Google has been accused of racism after allegedly linking names usually associated with black people to adverts related to criminality.
A Harvard University professor found 'significant discrimination' after comparing the adverts which appear when searching a typically black name compared with those for typically white names.
Findings showed that names typically associated with black people were 25 per cent more likely to bring up adverts related to criminality.
The study by Latanya Sweeney contrasted online searches using names such as 'Ebony' and 'DeShawn,' with those such as 'Jill' and 'Geoffrey.'
She found that adverts posted alongside search results for names likely to belong to black people were more likely to offer services like background checks for arrests and criminal records.
Searches using white-sounding names were less likely to result in advert results which suggested criminality, Professor Sweeney's research indicated.
The findings are significant since Google searching the names of potential employees, clients or even friends and dates has become commonplace.
'Advantages of knowing such information when hiring or engaging with a person relate to trustworthiness,' Professor Sweeney writes in a paper published online in the journal arXiv.
Professor Sweeney gathered evidence by collecting more than 2,000 names which were suggestive of race.
She then entered these names plus surnames into Google and news agency Reuters' Google-powered search engine and looked at which adverts the search results returned.
While most names brought back adverts for public records, typically black names were much more likely to bring back those that included the word 'arrest'.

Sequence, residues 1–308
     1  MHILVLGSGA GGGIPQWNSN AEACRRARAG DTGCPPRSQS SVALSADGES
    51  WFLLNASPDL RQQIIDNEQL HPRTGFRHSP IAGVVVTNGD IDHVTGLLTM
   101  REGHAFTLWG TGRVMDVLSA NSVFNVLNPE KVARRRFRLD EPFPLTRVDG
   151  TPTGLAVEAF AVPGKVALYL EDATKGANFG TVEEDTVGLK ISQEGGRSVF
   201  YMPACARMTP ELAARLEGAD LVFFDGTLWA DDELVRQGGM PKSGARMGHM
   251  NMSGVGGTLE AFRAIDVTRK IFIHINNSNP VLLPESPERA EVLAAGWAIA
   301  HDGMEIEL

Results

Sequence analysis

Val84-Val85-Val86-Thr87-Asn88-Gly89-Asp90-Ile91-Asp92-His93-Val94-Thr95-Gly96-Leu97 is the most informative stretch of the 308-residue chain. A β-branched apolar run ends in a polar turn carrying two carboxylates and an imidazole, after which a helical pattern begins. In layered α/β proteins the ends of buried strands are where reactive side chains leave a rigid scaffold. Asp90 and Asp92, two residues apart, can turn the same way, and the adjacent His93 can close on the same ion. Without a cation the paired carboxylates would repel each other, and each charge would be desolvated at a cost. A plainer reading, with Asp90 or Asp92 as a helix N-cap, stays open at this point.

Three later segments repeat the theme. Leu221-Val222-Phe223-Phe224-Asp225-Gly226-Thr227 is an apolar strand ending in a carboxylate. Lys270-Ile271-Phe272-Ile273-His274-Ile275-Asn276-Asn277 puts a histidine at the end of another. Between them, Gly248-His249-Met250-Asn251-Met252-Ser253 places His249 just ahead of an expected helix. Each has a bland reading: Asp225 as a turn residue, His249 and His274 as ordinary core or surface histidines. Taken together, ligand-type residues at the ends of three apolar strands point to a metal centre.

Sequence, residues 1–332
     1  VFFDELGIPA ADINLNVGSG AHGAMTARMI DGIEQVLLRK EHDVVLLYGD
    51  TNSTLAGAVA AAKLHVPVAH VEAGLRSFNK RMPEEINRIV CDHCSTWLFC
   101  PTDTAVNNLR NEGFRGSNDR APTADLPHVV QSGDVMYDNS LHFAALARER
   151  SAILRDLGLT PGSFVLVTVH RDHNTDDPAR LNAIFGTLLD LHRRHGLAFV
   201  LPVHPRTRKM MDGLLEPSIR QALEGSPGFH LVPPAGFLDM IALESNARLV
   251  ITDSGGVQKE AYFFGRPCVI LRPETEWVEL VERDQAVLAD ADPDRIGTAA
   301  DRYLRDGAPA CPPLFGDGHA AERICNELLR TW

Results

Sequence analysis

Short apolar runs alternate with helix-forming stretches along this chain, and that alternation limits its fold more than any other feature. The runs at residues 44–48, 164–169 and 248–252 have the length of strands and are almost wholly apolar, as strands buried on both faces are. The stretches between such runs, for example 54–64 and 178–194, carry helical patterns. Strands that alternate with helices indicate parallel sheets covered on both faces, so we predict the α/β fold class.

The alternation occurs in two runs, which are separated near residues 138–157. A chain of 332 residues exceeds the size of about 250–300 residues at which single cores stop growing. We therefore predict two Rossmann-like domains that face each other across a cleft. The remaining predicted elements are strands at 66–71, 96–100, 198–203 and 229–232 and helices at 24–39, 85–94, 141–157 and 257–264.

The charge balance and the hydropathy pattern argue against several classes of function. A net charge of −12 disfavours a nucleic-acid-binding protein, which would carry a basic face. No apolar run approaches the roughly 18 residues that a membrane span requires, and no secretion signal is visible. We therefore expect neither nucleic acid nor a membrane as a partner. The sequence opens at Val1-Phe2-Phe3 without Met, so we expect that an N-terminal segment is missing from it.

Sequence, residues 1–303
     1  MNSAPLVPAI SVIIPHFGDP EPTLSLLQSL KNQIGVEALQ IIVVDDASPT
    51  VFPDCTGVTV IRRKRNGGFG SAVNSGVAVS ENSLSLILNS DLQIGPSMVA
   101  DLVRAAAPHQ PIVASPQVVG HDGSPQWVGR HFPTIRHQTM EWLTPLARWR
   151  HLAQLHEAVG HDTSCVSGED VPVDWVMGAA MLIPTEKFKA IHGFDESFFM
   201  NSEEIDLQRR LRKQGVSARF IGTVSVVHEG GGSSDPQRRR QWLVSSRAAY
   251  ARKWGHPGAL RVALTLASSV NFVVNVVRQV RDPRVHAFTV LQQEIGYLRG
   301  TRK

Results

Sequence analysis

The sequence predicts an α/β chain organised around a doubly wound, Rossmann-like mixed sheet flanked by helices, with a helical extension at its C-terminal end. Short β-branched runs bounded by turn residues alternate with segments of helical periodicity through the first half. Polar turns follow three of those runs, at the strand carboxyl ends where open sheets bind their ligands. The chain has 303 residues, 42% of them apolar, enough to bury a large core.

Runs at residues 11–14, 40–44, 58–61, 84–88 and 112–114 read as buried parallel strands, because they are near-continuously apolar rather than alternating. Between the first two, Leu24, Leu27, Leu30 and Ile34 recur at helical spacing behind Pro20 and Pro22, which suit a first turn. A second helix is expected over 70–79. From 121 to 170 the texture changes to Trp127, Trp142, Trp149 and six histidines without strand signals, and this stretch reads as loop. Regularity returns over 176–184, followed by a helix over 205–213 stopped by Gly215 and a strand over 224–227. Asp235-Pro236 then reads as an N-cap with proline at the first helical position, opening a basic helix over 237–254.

All the results came from background-checking service instantcheckmate.com.
In one particular case highlighted by Professor Sweeney, a search for the black-sounding names Latanya Farrell, Latanya Sweeney and Latanya Lockett all brought up adverts for arrest checking services.
However, subsequent investigation showed only one of the names, Latanya Lockett, had an arrest record linked to it.
'In comparison, searches for "Kristen Haring", "Kristen Sparrow" and "Kristen Lindquist" did not yield any instantcheckmate.com ads, only competitor ads, even though the company's database reports having records for all three names and arrest records for "Kristen Sparrow" and "Kristen Lindquist",' Professor Sweeney wrote.
She added: 'Together, these hand-picked examples describe the suspected pattern - ads suggesting arrest tend to appear with names associated with blacks and neutral ads or no ads tend to appear with names associated with whites, regardless of whether the company has an arrest record associated with the name.'
In the UK, black people are 3.3 times more likely than white people to be arrested for a crime and those from the mixed ethnic group 2.3 times more likely.
The findings raise 'questions as to whether Google's advertising technology exposes racial bias in society and how ad and search technology can develop to assure racial fairness,' Professor Sweeney said in a blog post.
Advertisers bid on terms, or key words, with high bidders getting their ads posted alongside corresponding search results.
Google defends the process as race-neutral, saying outcomes are driven by decisions by advertisers.
A spokesman said: 'AdWords does not conduct any racial profiling.
'We also have an "anti" and violence policy which states that we will not allow ads that advocate against an organisation, person or group of people.
'It is up to individual advertisers to decide which keywords they want to choose to trigger their ads.'
The study dated last week was funded in part by the National Science Foundation and a grant from Google.